Home Gear 100% Solar-Powered RV…Unroll Panels & Charge Anywhere

100% Solar-Powered RV…Unroll Panels & Charge Anywhere


Despite having to sideline his epic journey on the Pan-American Highway from the Arctic Circle to the southern reaches of Argentina due to a solar panel ripping off in high winds in Mexico, Joel Gregory Hayes hasn’t given up on his ambitious plan to prove 100% solar-powered vehicles are feasible and spark conversation about climate and the technological future of society.

Hayes collaborated with  Solarolla Electric Vehicles to convert a 2010 International EStar electric delivery truck into an EV with 120KWHs of battery power that is capable of being charged on solar-only for a maximum range of 200 miles.

The 24,330W rooftop solar array can be deployed to track the sun. 2/3rds of the array that are tucked under the van’s main roof for driving and slide out when parked using winches. The winches then work to track the sun by tilting the array up to a 45°. There are also two satellite panels attached to the rear of the van that can be detached and manually maneuvered to track the sun.

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“The Route Del Sol vehicle requires developing a love of Slow Travel: it takes 20 hours to charge the array of flexible solar panels, which in places like Alaska during most of the year requires a few days of patience in one location. Hayes explains that this waiting is a part of the journey so the van is equipped with a nice kitchen – of course, fully electric and powered by the sun, including the 90-liter refrigerator and induction cooktop – and equipment like surfboards to turn waiting time into an adventure.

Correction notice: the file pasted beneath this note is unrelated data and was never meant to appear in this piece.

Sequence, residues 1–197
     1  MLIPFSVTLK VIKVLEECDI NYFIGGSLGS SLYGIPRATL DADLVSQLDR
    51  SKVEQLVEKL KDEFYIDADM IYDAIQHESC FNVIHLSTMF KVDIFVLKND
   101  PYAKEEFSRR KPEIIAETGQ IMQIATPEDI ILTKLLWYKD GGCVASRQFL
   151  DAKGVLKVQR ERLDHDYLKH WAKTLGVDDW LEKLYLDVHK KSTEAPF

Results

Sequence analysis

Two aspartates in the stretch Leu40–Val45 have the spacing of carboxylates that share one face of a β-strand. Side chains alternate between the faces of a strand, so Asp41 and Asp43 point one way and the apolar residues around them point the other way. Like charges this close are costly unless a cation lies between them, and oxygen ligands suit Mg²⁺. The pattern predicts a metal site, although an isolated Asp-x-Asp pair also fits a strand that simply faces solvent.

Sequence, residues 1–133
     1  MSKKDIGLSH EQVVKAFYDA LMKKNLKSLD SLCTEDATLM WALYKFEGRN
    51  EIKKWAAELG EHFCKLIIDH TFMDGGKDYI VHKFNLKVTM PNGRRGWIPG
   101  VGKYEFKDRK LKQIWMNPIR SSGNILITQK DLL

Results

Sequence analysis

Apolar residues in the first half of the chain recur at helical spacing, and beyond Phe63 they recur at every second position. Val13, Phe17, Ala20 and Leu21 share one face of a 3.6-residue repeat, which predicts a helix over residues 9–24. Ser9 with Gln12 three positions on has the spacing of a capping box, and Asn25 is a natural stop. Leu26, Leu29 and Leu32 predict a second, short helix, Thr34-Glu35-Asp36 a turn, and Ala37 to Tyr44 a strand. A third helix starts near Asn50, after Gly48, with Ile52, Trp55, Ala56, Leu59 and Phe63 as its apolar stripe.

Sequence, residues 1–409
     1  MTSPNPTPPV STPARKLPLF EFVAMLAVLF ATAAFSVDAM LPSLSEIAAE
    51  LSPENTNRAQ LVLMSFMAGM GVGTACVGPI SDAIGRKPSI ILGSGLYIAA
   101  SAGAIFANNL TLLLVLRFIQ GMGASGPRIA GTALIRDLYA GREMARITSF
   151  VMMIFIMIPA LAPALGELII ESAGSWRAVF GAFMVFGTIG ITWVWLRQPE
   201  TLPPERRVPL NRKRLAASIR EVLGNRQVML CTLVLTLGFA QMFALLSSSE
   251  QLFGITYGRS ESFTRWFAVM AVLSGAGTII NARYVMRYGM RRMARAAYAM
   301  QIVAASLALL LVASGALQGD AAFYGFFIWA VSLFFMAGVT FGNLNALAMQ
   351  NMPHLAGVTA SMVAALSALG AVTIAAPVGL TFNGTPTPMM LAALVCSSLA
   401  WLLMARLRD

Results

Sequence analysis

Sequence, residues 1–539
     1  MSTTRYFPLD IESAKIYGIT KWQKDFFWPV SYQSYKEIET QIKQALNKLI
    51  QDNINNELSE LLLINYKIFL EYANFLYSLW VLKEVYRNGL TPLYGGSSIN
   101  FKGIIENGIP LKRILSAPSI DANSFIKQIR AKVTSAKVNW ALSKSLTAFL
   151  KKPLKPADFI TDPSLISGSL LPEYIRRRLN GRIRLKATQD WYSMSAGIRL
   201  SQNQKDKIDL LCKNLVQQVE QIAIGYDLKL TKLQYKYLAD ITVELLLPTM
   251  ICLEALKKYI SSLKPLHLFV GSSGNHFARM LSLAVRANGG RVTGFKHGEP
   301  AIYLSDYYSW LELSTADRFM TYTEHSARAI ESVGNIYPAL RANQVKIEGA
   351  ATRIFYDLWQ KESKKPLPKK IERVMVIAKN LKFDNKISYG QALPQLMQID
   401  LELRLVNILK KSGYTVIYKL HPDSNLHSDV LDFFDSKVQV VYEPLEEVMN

After spending a couple years making the journey from the Arctic Circle to Mexico, Route del Sol experienced a setback when all the solar panels blew off the roof during a particularly windy stretch of road in the Desert, in Baja California, Mexico. “Our entire solar array was ripped off the roof of the van and thrown over the side of the highway”. Joel explains that he had forgotten to tighten a key screw which often isn’t necessary, but under high winds is essential. Right now, the project is on pause as the team tries to raise money to repair the solar array and reassess how they want to proceed.”



images from Routedelsol fb

This article was originally published by Unofficialnetworks.com. Read the original article here.


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